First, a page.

Originally Posted by Mrorange303
4k. But then you'll make an excuse for something. Notice the freckles. Better color?
After painstakingly reading through this entire thread, I can only conclude that you don’t actually see a lot of the picture flaws on his 4K set, because you are too entranced by the color reproduction which is obviously not as accurate. The comparison shots from Frozen really sealed the deal for me, since you were quick to point out how the 4K one looks better, when you can compare the screenshots directly and see how it is not accurately representing the film image.
Specifically, in the first image, I can see how you can be led to believe that the 4K picture (on the left) is more detailed, because you can see more fine details in the hair. However, just noticing how much darker the shadow area of the hair is, it is obvious that the 4K set has the contrast turned up way too high. Obviously that will accentuate the details in the image, but at the expense of accurate color reproduction (in this case, making her red hair appear closer to copper).
And yes, you can see details like the freckles on her nose more clearly, but again, that is because the flesh tones of her face are blown out to almost white, and the contrast is increased so that subtle details become less subtle. Things like the freckles are supposed to be subtle texturing and details, not a distinct black mole in the middle of her nose.
In the second image, you can see the problems with increased contrast, and also possibly some edge enhancement. Ignoring the moiré effect from the camera, you can see that the 4K image on the left has more compression artifacts around the eye, and the hair coming down looks sharper, but not nearly as smooth. The hair is filled with jaggies on the 4K image that are simply not there on the 1080p image, and you can see a clear white ring around the iris in the 4K image that is not there in the 1080p image. Having a white fringe is a clear sign of oversharpening and edge enhancement.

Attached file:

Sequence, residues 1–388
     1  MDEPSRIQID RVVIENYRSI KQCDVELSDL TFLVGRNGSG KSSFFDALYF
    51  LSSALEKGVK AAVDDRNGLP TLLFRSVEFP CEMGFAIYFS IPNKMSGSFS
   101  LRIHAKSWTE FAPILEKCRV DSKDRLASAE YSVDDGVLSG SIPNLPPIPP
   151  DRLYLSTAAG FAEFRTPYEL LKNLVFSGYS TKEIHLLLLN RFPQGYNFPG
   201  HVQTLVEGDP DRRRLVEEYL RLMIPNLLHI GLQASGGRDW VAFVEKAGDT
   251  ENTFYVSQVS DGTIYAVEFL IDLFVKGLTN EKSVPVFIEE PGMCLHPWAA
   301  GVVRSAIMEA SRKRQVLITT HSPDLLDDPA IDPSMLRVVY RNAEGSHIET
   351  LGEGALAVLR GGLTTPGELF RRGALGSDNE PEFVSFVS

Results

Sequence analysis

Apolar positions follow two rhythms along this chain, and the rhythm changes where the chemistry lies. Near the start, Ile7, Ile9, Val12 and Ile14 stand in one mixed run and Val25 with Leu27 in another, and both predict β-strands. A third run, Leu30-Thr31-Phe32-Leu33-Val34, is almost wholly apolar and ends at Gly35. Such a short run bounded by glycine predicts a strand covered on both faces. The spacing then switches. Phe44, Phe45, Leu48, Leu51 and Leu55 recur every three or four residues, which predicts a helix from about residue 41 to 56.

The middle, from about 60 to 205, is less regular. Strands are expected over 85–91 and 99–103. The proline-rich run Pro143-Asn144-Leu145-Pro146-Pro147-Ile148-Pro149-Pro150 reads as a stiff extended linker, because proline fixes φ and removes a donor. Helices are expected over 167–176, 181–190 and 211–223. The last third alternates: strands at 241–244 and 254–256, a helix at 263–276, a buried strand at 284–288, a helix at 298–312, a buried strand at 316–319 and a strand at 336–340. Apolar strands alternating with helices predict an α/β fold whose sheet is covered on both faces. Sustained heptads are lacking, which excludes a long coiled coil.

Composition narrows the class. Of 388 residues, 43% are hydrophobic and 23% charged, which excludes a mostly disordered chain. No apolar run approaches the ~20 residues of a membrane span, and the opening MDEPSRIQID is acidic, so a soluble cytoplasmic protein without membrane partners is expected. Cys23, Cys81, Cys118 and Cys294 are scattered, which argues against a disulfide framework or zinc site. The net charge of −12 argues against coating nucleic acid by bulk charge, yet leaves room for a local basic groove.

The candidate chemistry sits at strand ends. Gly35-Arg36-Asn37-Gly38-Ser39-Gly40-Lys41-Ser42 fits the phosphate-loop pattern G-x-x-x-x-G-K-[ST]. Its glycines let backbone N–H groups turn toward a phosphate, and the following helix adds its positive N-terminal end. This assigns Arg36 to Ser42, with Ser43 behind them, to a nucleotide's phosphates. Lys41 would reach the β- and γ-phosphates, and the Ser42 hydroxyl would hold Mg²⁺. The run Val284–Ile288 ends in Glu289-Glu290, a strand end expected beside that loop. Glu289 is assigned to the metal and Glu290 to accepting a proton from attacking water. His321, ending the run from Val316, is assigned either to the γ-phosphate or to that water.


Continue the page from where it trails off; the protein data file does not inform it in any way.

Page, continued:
Finally, the third image shows just how much detail is lost because of the increased contrast and edge enhancement on the 4K set. The 57:57 time marker is fuzzy on the 4K image, and markedly clearer on the 1080p image. On the 1080p image, the Snow Monster text and progress dots are clearly an ice blue, whereas the 4K text and dots are closer to white. In fact, it is much harder to distinguish the blue dots from the white dots on the 4K image. And look at the movie frame itself: The snow monster on the right is smooth and detailed, with a subtle purple highlight on one side and a blue highlight on the other side. But on the 4K image, the purple highlight is almost white, and the subtle blue highlight has turned into a completely white blown-out mess. Meanwhile, the purple light on the rear wall is also much closer to white, and the ice structure in from has become a mess of artifacts instead of a smooth image.
Honestly, for someone who has been touting the increased detail of the 4K sets, I’m surprised that you don’t notice how bad the image really is. It seems like you are equating fake sharpness with detail, like someone who boosts the bass and treble to extremes and then talks about how much better the audio sounds. There is a lot to be said for subtle details, and the 4K display just doesn’t have them.